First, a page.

HeLa Cell

Cell culture HeLa or HeLa cell line is a continuous cell line derived from cervical cancer epithelial cellsa women with cervical cancer named Henrietta Lacks who died of cancer in 1951 (Anonim, 2006a). These cell cultures have inherent spring properties (Anonim, 2000) and used as a model for studying cancer cells and cellular signal transduction (Anonim, 2006b). HeLa cells is quite safe and is commonly used human cell to cell culture interests (LabWork, 2000).
These cells by George Gey. These cells are treated as cancer cells that is believed to come from cervical cancer cells Ms.Lacks, however, the classification of these cells is still debated. HeLa immortal character who cannot die of old and can divide indefinitely as long as meet the basic conditions for the cells to remain alive are still there. New strains of HeLa cells have been developed in a variety of cell culture, but all HeLa cells derived from the same lineage. HeLa cells have been transformed as a result of infection with human papillomavirus 18 (HPV 18) and different from normal cervical cells (Anonim, 2006c).

HeLa cells can grow aggressively in the culture medium. The medium used was RPMI 1640-serum medium. It contains sufficient nutrients for growth, namely amino acids, vitamins, inorganic salts, and glucose. Serum contains added hormones that could stimulate cell growth. Albumin functions as a transport protein, lipids needed for cell growth, and minerals to function as an enzyme cofactor (Freshney, 1986).
HeLa cells are cervical cancer cells due to human papillomavirus infection(HPV 18) so as to have different properties with normal cervical cells. Cervical cancer cells infected by HPV known to express two oncogenes are E6 and E7. E6 and E7 proteins shown to cause the nature of immortal human keratinocytes in primary culture, These cells are immortal but non-tumorigenic to a genetic process occurs.Thus, the viral oncogenes are not directly induce tumor formation, but induces a series of processes that ultimately can lead to cancer properties (Goodwin dan DiMaio, 2000).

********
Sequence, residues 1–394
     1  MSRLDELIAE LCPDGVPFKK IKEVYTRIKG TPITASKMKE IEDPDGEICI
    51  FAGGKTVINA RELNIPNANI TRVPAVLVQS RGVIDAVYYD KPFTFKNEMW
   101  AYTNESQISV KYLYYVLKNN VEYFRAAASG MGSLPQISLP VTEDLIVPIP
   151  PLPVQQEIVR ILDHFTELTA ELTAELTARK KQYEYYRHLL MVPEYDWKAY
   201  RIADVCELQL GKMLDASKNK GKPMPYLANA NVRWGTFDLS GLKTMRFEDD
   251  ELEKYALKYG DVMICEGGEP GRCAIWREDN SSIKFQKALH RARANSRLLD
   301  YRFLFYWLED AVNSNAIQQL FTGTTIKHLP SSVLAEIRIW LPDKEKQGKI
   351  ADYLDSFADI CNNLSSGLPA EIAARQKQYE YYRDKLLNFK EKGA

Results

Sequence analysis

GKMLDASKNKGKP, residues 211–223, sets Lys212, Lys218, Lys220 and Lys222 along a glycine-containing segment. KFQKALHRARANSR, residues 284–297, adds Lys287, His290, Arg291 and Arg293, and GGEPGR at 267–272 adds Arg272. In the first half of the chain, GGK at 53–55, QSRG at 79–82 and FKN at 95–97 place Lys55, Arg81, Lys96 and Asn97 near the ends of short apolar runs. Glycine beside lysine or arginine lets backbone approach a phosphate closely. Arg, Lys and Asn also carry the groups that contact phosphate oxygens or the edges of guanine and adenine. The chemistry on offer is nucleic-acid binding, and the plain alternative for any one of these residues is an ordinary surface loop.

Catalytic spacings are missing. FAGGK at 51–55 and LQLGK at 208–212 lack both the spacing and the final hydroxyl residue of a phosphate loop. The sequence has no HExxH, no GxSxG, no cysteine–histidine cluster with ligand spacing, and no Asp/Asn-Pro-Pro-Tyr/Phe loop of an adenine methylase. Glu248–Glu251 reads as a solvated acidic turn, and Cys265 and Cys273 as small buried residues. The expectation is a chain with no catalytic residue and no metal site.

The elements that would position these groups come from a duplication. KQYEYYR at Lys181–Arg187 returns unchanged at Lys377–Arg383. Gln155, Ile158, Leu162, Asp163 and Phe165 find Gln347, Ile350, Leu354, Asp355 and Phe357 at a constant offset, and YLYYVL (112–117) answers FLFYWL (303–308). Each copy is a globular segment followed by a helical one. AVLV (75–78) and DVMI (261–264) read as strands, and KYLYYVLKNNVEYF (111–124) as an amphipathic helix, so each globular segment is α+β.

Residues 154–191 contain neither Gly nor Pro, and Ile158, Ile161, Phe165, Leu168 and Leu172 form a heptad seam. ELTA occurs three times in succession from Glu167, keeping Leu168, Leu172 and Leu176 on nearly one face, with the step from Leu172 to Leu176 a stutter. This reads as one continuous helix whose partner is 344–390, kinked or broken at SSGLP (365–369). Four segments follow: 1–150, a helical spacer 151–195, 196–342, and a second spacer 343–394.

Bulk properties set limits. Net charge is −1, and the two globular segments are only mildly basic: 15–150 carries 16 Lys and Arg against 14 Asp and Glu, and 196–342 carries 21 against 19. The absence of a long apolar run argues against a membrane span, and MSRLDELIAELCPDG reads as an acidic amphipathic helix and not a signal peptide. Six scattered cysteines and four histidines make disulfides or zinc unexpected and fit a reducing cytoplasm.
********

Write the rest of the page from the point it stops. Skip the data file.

Gambar 1. Cell morphology l were incubated in mHeLa (a) HeLa cells at a density 2X104/100 temperature of 370 l sample with a concentration series for 24 hours,mC with 100 reacted with MTT for about 6 hours, MTT will be broken by succinate tetrazolium reductase system formed formazan (b) The morphology of HeLa cells without treatment.

E6 and E7 proteins of HPV modulate cellular proteins that regulate the cell cycleE6 protein binds to tumor suppressor protein p53 and accelerates degradation of p53 which mediated  by ubiquitin. E6 protein also stimulates the activity of the enzyme telomerase. While the E7 protein can bind to the hipofosforilated active form of p105Rb and other members of the Rb family. This bond led to destabilization and rupture of Rb complexes act Rb/E2F that suppress the transcription of genes required for cell cycle progression (DeFilippis, et al., 2003).
The majority of cervical cancer cells, including HeLa cells, and the p53 gene have p105Rb in the form of wild-type. Thus, growth regulatory genes are active in normal cells is also present in cervical cancer cells. However, its activity is inhibited by the expression of E6 and E7 proteins of HPV
(Goodwin dan DiMaio, 2000).

References :

Anonim, 2006a, Apoptosis Extrinsic and Intrinsic Pathways,

Anonim, 2006b, Hela Cell,

Anonim, 2006c, Hela is also The German Name for Hel, Poland and The Cruiser SMS Hela, Wikipedia the Free Encyclopedia, Wikimedia Foundation,, diakses tanggal 20 Januari 2006.

DeFillippis, R.A., Goodwin, E.C., Wu, L., DiMaio, D., 2003, Endogenous Human Papillomavirus E6 and E7 Proteins Differentially Regulate Proliferation, Senescence, and Apoptosis in Hela Cervical Carcinoma Cells, Journal of Virology, Vol.77, no.2, 1551-1563.

Freshney, R.I., 1986, Animal Cell Culture, A Practical Approach, 1st Ed, IRL Press, Washington D.C.

Goodwin, E.C., DiMaio, D., 2000, Repression of human papillomavirus oncogenes in Hela cervical carcinoma cells causes the orderly reactivation of dormant tumor suppressor pathways, Biochemistry, Vol.97, no.23.
Labwork Study Guideand Lecture Notes, 2000, Henrietta Lacks, 1.htm.

Contributors :

Andrea Thea Rosita, Titi Ratna Wijayanti, Esti Widayanti dan Adam Hermawan.